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Two for a Nickel

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On Tuesday, 11 May, the Book Arts Press (BAP) opens the next in its ongoing
series of exhibitions with undergraduate curators:

        "Two for a Nickel:
        Ephemera Concerning Thomas Jefferson and Monticello"

The curator is Elliot Tally '99, a UVa history major who is interested in a
career in public history. For the past two years, he has worked part-time
in Alderman Library, where he supervises the Early American Fiction
digitization project.

Tally's exhibition, mounted by the BAP in cooperation with the Thomas
Jefferson Memorial Foundation (which owns and operates Monticello), will be
on view in the Dome Room of the Rotunda throughout the summer.

As part of the festivities surrounding the opening of the show, the BAP
announces  a Jefferson paper airplane flying contest on the Lawn on
Tuesday, 11 May, from 3 - 5 pm. The contest is open to all those with a UVa
affiliation (and also to members of their immediate families). A total of
$150 in cash prizes will be awarded.

For more about the contest, consult the Book Arts Press's Web site:


where downloadable instructions for making a particularly distance-worthy
Jefferson paper airplane may be found.

"Two for a Nickel" features a wide variety of items that use the appeal of
the name, or face, or residence of Thomas Jefferson for information,
publicity, or consumer purposes. The practice of using celebrities to
advertise products, services, and events has been used for hundreds of
years by an endless number of entrepreneurs. "Two for a Nickel" documents
this practice through the display of a collection of ephemeral objects.

*Ephemera* may be defined as objects that are meant to be thrown away after
use. Items such as brochures, invitations to events, paper placemats,
menus, wooden ice cream spoons, license plates, and whiskey bottles fit
this description comfortably =96 but what about things that began their
existence as throw-aways but have now turned into collectibles? The
definition of ephemera must become far more complex. This exhibition
includes a surprising variety of ephemeral objects which have evolved (or
are in the process of evolving) into serious collectors' items: ashtrays,
bank checks, coin banks, beer cans, beer bottles, bells, bobelles,
bookmarks, booklets, bowls, busts, calendars, Christmas tree ornaments,
cigar bands, cigarette souvenirs, club soda, coins, cologne bottles,
coloring books, copies of the Declaration of Independence, dolls, encased
pennies, erasers, food containers, fuse boxes, games, gift catalogs,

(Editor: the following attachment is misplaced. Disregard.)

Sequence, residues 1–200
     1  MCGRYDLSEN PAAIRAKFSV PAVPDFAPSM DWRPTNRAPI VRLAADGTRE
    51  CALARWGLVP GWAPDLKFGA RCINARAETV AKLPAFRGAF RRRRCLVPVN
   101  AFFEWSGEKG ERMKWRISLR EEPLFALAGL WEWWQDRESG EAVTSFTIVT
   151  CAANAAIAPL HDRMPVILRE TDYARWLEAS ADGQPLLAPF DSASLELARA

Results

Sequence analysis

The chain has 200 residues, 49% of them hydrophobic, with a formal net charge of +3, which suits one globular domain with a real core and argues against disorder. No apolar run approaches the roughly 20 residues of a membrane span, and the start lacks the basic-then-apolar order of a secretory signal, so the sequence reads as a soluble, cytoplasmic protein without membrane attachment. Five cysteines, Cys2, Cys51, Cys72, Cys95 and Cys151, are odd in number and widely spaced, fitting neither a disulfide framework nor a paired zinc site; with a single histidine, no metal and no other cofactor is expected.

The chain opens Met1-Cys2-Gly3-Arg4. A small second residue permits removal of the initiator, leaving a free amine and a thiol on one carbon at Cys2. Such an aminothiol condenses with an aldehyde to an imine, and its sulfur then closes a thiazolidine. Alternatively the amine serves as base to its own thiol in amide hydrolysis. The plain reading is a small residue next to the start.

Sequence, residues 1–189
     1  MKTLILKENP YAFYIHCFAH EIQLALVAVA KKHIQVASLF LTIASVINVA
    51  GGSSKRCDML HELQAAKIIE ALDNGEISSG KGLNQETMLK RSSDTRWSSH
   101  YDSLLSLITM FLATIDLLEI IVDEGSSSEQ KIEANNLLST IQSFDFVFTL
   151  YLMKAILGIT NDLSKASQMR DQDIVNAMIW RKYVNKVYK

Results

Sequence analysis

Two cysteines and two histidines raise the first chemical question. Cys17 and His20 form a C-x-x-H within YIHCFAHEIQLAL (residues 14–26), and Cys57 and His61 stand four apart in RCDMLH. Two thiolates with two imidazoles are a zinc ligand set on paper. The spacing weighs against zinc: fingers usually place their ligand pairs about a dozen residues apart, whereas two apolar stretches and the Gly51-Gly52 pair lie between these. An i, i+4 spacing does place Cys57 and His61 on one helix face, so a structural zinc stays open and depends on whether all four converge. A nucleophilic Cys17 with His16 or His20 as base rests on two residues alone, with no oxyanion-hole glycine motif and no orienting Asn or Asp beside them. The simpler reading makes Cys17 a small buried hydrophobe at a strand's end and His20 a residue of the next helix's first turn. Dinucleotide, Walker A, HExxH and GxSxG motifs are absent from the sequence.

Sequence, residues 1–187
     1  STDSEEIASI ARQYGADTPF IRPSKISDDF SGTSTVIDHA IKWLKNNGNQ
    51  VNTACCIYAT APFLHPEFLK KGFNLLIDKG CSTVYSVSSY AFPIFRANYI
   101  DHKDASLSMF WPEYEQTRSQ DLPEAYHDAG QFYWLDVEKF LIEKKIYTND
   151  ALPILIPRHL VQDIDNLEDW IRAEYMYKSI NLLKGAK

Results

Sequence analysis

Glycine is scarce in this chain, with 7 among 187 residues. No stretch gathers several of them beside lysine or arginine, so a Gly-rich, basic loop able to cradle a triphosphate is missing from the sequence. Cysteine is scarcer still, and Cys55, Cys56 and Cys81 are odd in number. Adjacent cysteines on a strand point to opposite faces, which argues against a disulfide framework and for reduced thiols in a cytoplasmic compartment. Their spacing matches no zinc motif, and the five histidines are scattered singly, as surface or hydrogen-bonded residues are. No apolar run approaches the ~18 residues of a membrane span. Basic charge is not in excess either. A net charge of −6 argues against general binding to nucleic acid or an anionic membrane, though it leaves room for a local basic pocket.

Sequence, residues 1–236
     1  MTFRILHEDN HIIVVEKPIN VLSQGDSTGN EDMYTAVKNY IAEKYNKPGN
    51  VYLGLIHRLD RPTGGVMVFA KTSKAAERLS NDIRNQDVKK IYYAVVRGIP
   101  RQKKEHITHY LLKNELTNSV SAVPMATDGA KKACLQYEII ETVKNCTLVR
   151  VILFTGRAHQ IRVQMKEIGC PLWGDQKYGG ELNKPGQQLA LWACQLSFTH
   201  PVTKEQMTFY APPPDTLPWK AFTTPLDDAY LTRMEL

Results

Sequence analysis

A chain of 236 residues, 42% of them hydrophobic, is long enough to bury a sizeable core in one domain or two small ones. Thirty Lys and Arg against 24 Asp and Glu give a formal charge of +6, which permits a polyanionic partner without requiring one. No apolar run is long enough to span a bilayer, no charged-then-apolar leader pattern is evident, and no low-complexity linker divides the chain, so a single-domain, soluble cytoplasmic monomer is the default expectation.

"Jefferson" cups, jigger glasses, keychains, letter openers, magazines,
magnets, matchbooks, medallions, milk bottles, milk caps, models, money
clips, mugs, nail clippers, needle threaders, newsletters, oversize
nickels, paper dolls, paperweights, patches, pencils, pendants, pens, Pepsi
bottles, phonograph albums, pins, pitchers, plates, playing cards,
postcards, posters, pressed pennies, prints, rulers, shopping bags, shoe
mitts, shower caps, snow globes, spoons, stamps, sticker books,
switchplates, tea towels, thimbles, tickets, trade cards, model trains,
T-shirts, $2 bills, wine bottles, writing tablets =96 the list goes on and
on. Examples of all of these items (and a good many others) are represented
in "Two for a Nickel."

There are many counties and towns named after Jefferson or Monticello. The
majority of the 50 states have a Jefferson County, and there at least nine
U.S. cities, towns, or villages named Jeffersons =96 plus five
Jeffersonvilles, two Jefferson Cities, a Jefferson Township, a Jefferson
Valley, a Jefferson Village, and at least twelve Monticellos. In
preparation for this exhibition, curator Elliot Tally wrote to
administrators in about three dozen of these counties and towns, begging
for examples of local Jeffersonian ephemera.

Elliot Tally is looking for additional examples of such
Monticello/Jefferson material; if you know of local establishments with
these words in their names and have access to their stationery, business
cards, brochures, newsletters, or other printed matter, we would be very
glad to have copies, which should be sent to Elliot Tally, Book Arts Press,
114 Alderman Library, University of Virginia, Charlottesville, VA 22903.

Notable objects in "Two for a Nickel" include:

        .  a scale model kit of the Polaris class atomic submarine, "Thomas

        .  a complete set of Presidential Marbles

        .  a Jefferson Massage Salon (Monticello, IN) encased penny

        .  a Thomas Jefferson doll

        .  a "Long Tom Jefferson, Sage of Monticello" Cracker Jack prize
        .  the press kit for "Jefferson in Paris," accompanied by

        .  a pirated DVD (with Chinese subtitles) of the movie

        . a souvenir medal from the 1904 St Louis World's Fair ("Napoleon sold it
| Jefferson bought it"!

        .  a comprehensive display of Monticello souvenir plates, and (best of all)

        .  a "Choose your Virginia Attractions" publicity brochure (issued by the
Virginia State Tourism Board) advertising Virginia's important landmarks -
but excluding Monticello, Poplar Forest, and the University of Virginia

The exhibition will be up during Rare Book School's 1999 summer session; it
closes on October 25th. An illustrated catalog of the show will be
published later this month.

Terry Belanger  :  University Professor  :   University of Virginia
Book Arts Press : 114 Alderman Library : Charlottesville, VA  22903
Tel: 804/924-8851   FAX: 804/924-8824  email: belanger@virginia.edu
              URL: http://www.virginia.edu/oldbooks/

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